Tchaikovsky: Symphony No. 2 - Pletnev

Tchaikovsky: Symphony No. 2 - Pletnev

PentaTone Classics  PTC 5186382

Stereo/Multichannel Hybrid

Classical - Orchestral

Tchaikovsky: Symphony No. 2 in C minor Op. 17 (plus original first movement)

Russian National Orchestra
Mikhail Pletnev (conductor)

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DSD recording
Reviews (1)

Review by Graham Williams - July 14, 2012

This is the penultimate release in Mikhail Pletnev's Tchaikovsky Symphony cycle with the Russian National Orchestra for PentaTone. The earlier issues have shown that in the main Pletnev is a persuasive guide through these works. Occasionally his predominantly safe approach to the later symphonies has, for some listeners, been characterised as lacking in visceral excitement - his coolness sometimes suggesting a lack of engagement with the music. Happily that is not the case here, and Pletnev's enthusiastic performance and superbly recorded account of this most loveable of Tchaikovsky symphonies can be recommended unreservedly .

Tchaikovsky composed this symphony in 1872 but, in spite of a well received first performance the following year, he became dissatisfied with the work and substantially revised it seven years later. It is this later 1879 version that is almost always played today and which occupies the bulk of this SACD. We are, however, given the opportunity to experience some of Tchaikovsky's first thoughts with the rather ungenerous fill-up on the disc; a performance of the first movement of Tchaikovsky's original 1872 version of the score. Since Tchaikovsky also made alterations to both the work's scherzo and finale, it is a pity that the originals of these movements could not also have been included, particularly when the total playing time of the disc is a meagre 48' 12”. Nevertheless it is interesting to be able to compare the 1872 and 1879 first movements side by side. In the final analysis, however, it merely confirms that Tchaikovsky's decision to destroy the original score was probably a correct one. The sprawling movement found here compares unfavourably with the taut 1879 revision, though Pletnev and the RNO's committed performance does its best to convince us otherwise.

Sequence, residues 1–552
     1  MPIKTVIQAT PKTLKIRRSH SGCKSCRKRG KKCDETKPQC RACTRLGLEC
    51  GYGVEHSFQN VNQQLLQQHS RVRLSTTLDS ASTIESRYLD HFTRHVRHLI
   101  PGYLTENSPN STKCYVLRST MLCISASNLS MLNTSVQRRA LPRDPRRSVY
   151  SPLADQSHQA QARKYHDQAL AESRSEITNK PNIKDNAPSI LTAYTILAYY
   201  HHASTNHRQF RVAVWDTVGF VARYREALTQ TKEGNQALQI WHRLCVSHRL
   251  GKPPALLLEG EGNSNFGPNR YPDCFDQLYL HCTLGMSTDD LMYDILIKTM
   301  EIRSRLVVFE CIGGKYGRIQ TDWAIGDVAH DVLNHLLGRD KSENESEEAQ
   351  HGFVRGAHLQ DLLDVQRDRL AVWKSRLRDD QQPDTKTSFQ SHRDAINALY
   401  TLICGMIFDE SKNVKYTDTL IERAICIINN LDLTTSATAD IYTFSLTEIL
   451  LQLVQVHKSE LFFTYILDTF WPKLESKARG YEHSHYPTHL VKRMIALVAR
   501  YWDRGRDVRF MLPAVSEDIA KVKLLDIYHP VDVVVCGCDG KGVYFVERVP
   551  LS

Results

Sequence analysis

That grumble apart, Pletnev directs an affectionate and unfussy reading of Tchaikovsky's engaging score and elicits thrilling playing from all sections of the RNO, who here are certainly on top form.
Pletnev's tempi for each of the symphony's four movements are well chosen, uncontroversial and his account is free from mannerisms. Beginning with the symphony's opening horn solo, the phrasing of the Ukranian folk melodies with which this work abounds sound entirely idiomatic and are delivered with polished charm by these fine musicians . The 'Andantino marziale' has a delightful spring in its step, the 'Scherzo' is urgent yet retains a sparkle and balletic lightness throughout, while the finale is played with a driving no-holes-barred approach. The conductor's decision to begin the coda, that follows the huge tam-tam crash, at a slower tempo, then gradually speed up as he propels it furiously to the exciting final bars works really well.

Though the recording of the “Little Russian” by Neeme Järvi and the Gothenburg Symphony Orchestra on BIS Tchaikovsky: Symphony No. 2 - Järvi is thoroughly recommendable, and even finds room to include three overtures in addition to the symphony, I find this Pletnev reading to be even more involving.

A constant factor in this PentaTone cycle has been not only the exceptional playing of the RNO but the superb sound quality with which the Polyhymnia engineers have graced these recordings. The DZZ Studio 5 in Moscow provides an almost ideal acoustic for this music. All the instrumental lines are clearly delineated and a convincing orchestral image is created between the speakers. Elegant playing from the woodwind is beautifully captured as is the rasp of the weighty Russian brass section and the slam of the powerful percussion.

All in all a marvellous disc!

Copyright © 2012 Graham Williams and


Sonics (Multichannel):

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